Derrick Lytle, photographer and Mountiansmith Ambassador pictured in front of a stone arch and start night sky in the Valley of Fire.
The world through Derrick Lytle’s lens of is nothing short of extraordinary.

Photographers often work long days full of stressful shoots, hauling heavy gear, later followed by late nights awake in front of a computer screen editing to finish projects on tight deadlines. Whether you’re in a studio under fluorescent lighting or outside under the sun the story is the same and both environments bring their own unique sets of challenges.

A healthy diet, or simply how you eat, can impact your shoot for that important client you’re trying to impress and help you stay alert, fight fatigue, and overcome those challenges throughout the day meaning your client will be happy and ensuring you get what you want from your shoot.

Pre Shoot

You should already be eating well which means lots of fruits, vegetables, healthy meats (say goodbye to lunch meats and fast food “meat”), and healthy fats such as olive oil, nuts, and coconut oil. Your body will use these fats and proteins as fuel and the fruits and vegetables give you the vitamins and minerals your body needs. Grains can end up being a filler food devoid of nutrients, especially after being heavily processed so it’s best to fill up on leafy greens, proteins and fats to get necessary nutrients.

You should be avoiding high sugar foods and artificial lab made “food”. While delicious, many of these foods cause inflammation in the body and can lead to upset stomachs and diseases. These foods are also devoid of nutrients and do nothing good for your body.

Staying hydrated is also important as your body needs the fluid to process food. Drinking 64 oz of fluids (non-caffeinated) per day is sufficient but you should drink when thirsty if needed. Sleep is also important for your body to properly metabolize food and water.

Eating properly means you can start your shoot on a full tank, full of clean energy.


Make mental notes to eat and drink while out shooting. If you have to set some sort of timer or notification on your phone to remind yourself to eat and drink then do it. Replacing what your body is using while out and about will help keep your energy levels up and you thinking clearly. I recommend eating a small snack followed by some liquid every 15 minutes. A handful of nuts, a granola bar, or some jerky will keep some calories and thus fuel for your body to burn.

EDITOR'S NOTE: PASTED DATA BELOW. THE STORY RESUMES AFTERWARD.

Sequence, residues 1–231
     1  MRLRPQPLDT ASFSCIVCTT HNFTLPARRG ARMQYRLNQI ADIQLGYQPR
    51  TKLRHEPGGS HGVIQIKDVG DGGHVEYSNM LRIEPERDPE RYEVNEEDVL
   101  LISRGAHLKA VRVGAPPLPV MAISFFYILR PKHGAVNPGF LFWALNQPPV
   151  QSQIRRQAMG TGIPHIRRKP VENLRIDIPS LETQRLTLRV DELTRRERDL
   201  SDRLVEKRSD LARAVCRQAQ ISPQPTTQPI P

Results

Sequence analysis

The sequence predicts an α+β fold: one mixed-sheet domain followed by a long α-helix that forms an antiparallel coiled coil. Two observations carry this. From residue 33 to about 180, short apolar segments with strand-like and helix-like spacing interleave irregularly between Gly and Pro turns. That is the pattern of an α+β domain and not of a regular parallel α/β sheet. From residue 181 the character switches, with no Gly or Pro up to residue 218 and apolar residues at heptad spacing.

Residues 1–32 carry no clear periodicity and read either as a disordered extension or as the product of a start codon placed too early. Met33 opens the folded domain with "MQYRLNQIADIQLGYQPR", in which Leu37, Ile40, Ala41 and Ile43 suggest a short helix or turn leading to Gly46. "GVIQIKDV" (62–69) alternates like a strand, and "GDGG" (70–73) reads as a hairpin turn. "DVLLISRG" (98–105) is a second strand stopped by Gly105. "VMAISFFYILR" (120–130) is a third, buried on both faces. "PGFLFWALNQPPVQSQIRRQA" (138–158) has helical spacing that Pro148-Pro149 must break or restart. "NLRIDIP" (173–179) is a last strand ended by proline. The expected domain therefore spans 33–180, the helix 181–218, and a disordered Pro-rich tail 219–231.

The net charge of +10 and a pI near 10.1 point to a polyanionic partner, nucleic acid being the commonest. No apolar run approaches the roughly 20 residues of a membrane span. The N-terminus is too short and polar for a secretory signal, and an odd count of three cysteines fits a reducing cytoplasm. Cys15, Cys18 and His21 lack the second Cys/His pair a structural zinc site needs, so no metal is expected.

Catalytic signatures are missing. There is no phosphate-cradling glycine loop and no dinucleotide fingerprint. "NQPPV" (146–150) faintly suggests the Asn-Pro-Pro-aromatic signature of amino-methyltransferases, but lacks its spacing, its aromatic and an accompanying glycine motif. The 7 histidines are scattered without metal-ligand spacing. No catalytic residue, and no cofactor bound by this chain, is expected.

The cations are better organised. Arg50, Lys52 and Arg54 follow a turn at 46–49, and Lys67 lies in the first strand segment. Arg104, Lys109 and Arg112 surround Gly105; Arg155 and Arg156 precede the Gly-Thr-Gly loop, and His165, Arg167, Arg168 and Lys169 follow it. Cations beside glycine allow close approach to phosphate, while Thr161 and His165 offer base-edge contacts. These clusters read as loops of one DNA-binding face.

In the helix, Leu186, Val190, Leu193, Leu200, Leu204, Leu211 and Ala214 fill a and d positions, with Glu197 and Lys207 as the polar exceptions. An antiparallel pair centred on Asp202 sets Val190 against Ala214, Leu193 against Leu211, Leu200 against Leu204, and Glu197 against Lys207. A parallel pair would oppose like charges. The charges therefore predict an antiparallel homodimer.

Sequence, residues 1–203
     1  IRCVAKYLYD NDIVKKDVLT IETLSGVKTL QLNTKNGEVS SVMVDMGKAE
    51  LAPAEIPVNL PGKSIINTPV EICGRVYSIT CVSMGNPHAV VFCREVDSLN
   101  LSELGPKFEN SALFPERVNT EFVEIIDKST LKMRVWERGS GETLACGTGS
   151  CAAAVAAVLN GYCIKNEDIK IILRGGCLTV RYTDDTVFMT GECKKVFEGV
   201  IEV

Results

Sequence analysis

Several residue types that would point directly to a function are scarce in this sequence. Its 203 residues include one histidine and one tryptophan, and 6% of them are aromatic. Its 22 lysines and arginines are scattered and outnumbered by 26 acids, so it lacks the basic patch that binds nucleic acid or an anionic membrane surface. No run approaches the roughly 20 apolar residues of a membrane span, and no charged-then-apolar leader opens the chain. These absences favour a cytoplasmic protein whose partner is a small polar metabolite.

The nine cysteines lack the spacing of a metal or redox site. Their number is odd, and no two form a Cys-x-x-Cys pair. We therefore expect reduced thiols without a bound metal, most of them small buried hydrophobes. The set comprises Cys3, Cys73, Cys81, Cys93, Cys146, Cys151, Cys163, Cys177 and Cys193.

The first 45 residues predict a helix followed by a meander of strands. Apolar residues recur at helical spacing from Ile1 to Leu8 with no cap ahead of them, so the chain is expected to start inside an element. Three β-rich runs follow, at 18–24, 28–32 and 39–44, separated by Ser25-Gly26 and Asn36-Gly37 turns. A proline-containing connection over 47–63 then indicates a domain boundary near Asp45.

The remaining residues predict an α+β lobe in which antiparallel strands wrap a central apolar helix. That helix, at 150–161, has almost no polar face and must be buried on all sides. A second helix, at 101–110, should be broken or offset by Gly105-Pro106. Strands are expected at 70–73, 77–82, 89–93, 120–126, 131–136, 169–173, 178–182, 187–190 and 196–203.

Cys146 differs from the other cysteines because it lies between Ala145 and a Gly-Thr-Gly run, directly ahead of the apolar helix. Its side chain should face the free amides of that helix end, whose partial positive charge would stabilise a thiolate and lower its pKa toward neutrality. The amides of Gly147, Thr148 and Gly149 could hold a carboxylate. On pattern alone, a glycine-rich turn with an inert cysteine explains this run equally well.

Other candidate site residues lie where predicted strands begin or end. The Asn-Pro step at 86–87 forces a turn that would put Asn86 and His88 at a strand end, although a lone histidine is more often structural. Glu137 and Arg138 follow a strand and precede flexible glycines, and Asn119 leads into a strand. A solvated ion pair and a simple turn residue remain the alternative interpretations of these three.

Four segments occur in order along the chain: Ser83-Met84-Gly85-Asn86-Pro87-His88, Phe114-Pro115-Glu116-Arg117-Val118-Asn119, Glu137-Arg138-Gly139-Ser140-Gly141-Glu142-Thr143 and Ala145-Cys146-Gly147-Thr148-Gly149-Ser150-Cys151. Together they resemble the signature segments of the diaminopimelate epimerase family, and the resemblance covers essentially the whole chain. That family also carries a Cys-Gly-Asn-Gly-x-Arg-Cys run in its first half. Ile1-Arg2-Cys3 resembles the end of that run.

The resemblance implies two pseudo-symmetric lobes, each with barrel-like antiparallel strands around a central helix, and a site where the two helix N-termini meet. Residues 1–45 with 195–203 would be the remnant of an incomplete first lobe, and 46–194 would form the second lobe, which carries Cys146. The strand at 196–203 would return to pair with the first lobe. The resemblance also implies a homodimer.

Energy gels, chews, and energy beans are an easy way to get calories. Experiment to find which ones you like.

Hiking food

Water is a wonderful way to hydrate but sometimes it is not enough. Adding electrolytes to your water keeps you hydrated and reduces your chance of developing muscle cramps. Powders and tablets are great and can easily be added to water bottles and hydration bladders. When it’s hot or you’re at higher elevations be sure to drink plenty of liquids to prevent dehydration.

Caffeinated drinks can provide fluids but should not be your only source of water. Limit yourself to under a few hundred mg of caffeine per day.

I usually bring along a bottle of ibuprofen or some other type of pain killer just in case.


After a long day out shooting it’s essential to recover properly with lots of calories and protein to repair muscles. Protein recovery drinks are great and easy way to recover from a hard day. Try to eat a full meal with lots of protein, fruits, and vegetables. This will help your body recuperate from the beating it just took.

Why should you do this? Cause your client doesn’t care if you’re sick or tired. They paid you and expect results no matter what. You can’t be the weak link in a shoot and a proper diet will help you avoid that.

Quick Tips

– Hot liquids like tea, matè, coffee, and soup broth can keep your body warm when it’s cold, prevent hypothermia, and keep you hydrated. A small camp stove will become your best friend when shooting in cold environments.

– Cold liquids can keep you cool when it’s hot. Freeze water bottles or use an insulted bottle to keep them cold. Watch out for condensation that forms on frozen bottles and don’t let your gear get soaked.

– Stomach issues can be prevented with ginger and peppermint. Both are proven to help with nausea and stomach pain. Ginger chews, teas, and pills are available at most health food stores. Keep some on hand just in case.

– Try out foods before you go and use them on a shoot. I can’t think of anything worse than having the runs while on a mountain hauling a backpack full of camera gear.

– Baby wipes or toilet paper in a ziploc bag are great and can be a life saver if you do end up with some intestinal issues. Pack it in, pack it out. All of it.

This post is part 1 in a series of Adventure Photography School posts from Derrick Lytle. Stay tuned for more.

Derrick Lytle is a free-lance photographer and Mountainsmith ambassador, living out of his van and living life to the fullest. For more from Derrick, check out his demo reel below and follow him.

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